Hot-selling country headliner Lady Antebellum gave the crowd what it was looking for Tuesday night at Seattle's KeyArena — a good time.

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Gene Stout, who was the pop music critic at the Seattle Post-Intelligencer for more than 20 years, is now freelancing for The Seattle Times. Look for Gene’s articles in print and online. We will also be linking to stories on Gene’s blog ( from our Music & Nightlife page.

Concert Review |

Hot-selling country headliner Lady Antebellum lived up to the promise of its early hit “Lookin’ for a Good Time” Tuesday night at KeyArena, offering more than three hours of high-energy, hand-clapping music.

Lady A’s current disc, “Own the Night,” has been Billboard magazine’s No. 1 country album for 13 weeks. With opening acts Darius Rucker and Thompson Square sharing the stage, it was a big night for young country.

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Lady Antebellum’s highly choreographed, yet overly busy 90-minute set was loaded with hits: “We Owned the Night,” “Dancin’ Away With My Heart,” “Wanted You More,” “I Run to You” and “Lookin’ for a Good Time.”

The fast-rising Nashville trio featuring Charles Kelley, Hillary Scott and Dave Haywood is a relatively twang-free country phenomenon, with more pop and rock in the musical mix than traditional country. Tuesday’s set included several classic-rock songs, among them the Doobie Brothers’ “Black Water” and Aerosmith’s “Sweet Emotion.”

But the soul of the group is pure country.

“She grew up on the side of the road/ Where church bells ring and strong love grows,” the band sang in “American Honey,” from “Own the Night.”

The band has described the album’s title as a call to action — or at least an invitation to party. Concertgoers took that message to heart, showing off their dance moves during an opening segment featuring the recorded dance music of LMFAO.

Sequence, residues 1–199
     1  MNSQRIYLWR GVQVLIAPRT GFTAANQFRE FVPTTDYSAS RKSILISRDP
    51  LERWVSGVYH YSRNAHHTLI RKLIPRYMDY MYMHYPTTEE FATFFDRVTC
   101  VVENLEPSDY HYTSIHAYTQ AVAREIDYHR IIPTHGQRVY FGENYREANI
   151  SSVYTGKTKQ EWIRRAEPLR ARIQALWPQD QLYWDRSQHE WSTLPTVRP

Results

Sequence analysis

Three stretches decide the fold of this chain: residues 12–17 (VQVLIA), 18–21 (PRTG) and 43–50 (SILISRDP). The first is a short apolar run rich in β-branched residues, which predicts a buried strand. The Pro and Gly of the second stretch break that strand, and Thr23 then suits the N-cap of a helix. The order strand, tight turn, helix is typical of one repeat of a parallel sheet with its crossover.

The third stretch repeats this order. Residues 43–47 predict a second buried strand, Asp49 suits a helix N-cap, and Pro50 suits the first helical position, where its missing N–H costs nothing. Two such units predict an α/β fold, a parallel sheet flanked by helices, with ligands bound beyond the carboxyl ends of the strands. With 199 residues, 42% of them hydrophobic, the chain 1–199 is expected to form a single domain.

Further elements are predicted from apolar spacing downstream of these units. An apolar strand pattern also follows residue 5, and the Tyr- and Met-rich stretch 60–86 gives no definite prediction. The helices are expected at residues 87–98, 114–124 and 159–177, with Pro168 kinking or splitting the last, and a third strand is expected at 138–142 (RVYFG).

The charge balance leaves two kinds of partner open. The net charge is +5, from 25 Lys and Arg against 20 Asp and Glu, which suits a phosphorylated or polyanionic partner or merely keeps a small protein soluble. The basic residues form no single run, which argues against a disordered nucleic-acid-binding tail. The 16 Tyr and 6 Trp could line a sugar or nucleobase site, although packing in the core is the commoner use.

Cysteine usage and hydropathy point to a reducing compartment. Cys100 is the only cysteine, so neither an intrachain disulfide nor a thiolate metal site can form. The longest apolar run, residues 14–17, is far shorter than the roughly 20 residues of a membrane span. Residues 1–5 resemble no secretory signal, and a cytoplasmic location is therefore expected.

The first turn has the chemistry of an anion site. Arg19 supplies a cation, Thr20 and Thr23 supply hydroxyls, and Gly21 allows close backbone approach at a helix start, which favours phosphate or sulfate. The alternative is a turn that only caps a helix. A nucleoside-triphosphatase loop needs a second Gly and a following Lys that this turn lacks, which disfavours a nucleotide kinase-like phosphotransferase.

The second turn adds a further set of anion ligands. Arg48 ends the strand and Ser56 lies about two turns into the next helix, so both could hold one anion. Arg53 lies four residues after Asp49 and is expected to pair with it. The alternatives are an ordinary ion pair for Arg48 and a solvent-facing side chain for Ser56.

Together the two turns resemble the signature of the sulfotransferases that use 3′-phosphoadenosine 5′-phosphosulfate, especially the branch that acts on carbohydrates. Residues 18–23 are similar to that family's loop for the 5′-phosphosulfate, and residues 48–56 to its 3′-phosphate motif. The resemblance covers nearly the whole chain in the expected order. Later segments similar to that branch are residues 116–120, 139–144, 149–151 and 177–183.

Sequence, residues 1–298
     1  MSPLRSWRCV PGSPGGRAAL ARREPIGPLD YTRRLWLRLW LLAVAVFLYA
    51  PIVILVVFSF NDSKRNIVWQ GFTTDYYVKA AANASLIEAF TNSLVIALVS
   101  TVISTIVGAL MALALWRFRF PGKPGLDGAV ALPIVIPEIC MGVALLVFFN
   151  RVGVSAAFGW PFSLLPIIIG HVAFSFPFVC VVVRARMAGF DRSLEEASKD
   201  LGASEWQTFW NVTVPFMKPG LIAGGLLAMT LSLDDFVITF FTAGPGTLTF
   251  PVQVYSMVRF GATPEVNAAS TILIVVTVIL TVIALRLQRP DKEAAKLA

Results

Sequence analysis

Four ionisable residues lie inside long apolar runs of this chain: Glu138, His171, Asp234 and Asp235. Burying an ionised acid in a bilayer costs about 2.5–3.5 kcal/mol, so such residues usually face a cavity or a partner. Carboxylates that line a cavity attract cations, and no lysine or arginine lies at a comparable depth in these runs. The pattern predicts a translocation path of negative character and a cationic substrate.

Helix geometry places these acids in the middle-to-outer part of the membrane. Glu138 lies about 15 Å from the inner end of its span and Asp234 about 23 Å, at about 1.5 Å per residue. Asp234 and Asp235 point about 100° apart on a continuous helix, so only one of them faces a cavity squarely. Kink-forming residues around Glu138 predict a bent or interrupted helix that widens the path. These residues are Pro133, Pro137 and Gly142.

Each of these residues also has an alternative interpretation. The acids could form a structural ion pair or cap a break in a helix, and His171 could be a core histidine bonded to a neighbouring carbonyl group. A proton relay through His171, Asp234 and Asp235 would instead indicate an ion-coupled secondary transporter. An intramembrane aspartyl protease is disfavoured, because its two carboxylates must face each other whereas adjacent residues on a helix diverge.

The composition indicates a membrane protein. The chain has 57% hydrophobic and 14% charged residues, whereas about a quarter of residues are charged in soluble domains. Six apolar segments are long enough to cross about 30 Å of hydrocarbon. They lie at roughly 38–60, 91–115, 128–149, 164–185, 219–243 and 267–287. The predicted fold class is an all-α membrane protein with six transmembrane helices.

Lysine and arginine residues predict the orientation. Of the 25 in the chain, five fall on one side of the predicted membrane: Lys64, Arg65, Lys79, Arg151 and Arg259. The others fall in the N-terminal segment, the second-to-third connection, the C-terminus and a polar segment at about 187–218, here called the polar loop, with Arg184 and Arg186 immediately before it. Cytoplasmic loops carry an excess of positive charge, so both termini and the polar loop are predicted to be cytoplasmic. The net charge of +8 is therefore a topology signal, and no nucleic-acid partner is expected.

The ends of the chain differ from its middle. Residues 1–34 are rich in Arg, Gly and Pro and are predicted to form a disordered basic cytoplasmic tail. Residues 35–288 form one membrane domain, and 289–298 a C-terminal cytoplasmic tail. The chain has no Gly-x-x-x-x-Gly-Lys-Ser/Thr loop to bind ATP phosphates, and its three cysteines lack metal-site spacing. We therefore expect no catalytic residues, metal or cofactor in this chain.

Lady A, which recently won a Grammy Award for best country album, performed on an oval stage featuring two sets of stairs, three video screens, an “inner circle” for VIPs and a narrow pier that jutted into the audience.

Kelley and Scott traded lively lead vocals, while Haywood sang backup and added edgy, hard-rocking guitar. Backing them was a powerful band led by Scott’s husband, drummer Chris Tyrell.

Lady Antebellum, whose name refers to pre-Civil War America, closed with the wistful, romantic “Need You Now,” featuring beautiful harmony vocals by Kelley and Scott.

Opening the show, Thompson Square, an upbeat husband-and-wife duo, performed the hit single “Are You Gonna Kiss Me Or Not,” while two sets of inflatable red lips floated above the stage.

Darius Rucker, former lead singer for Hootie & the Blowfish, offered a rock-solid set highlighted by tunes from his solo country career. Rucker included credible covers of Hank Williams Jr.’s “Family Tradition” and Prince’s “Purple Rain.”

Gene Stout:

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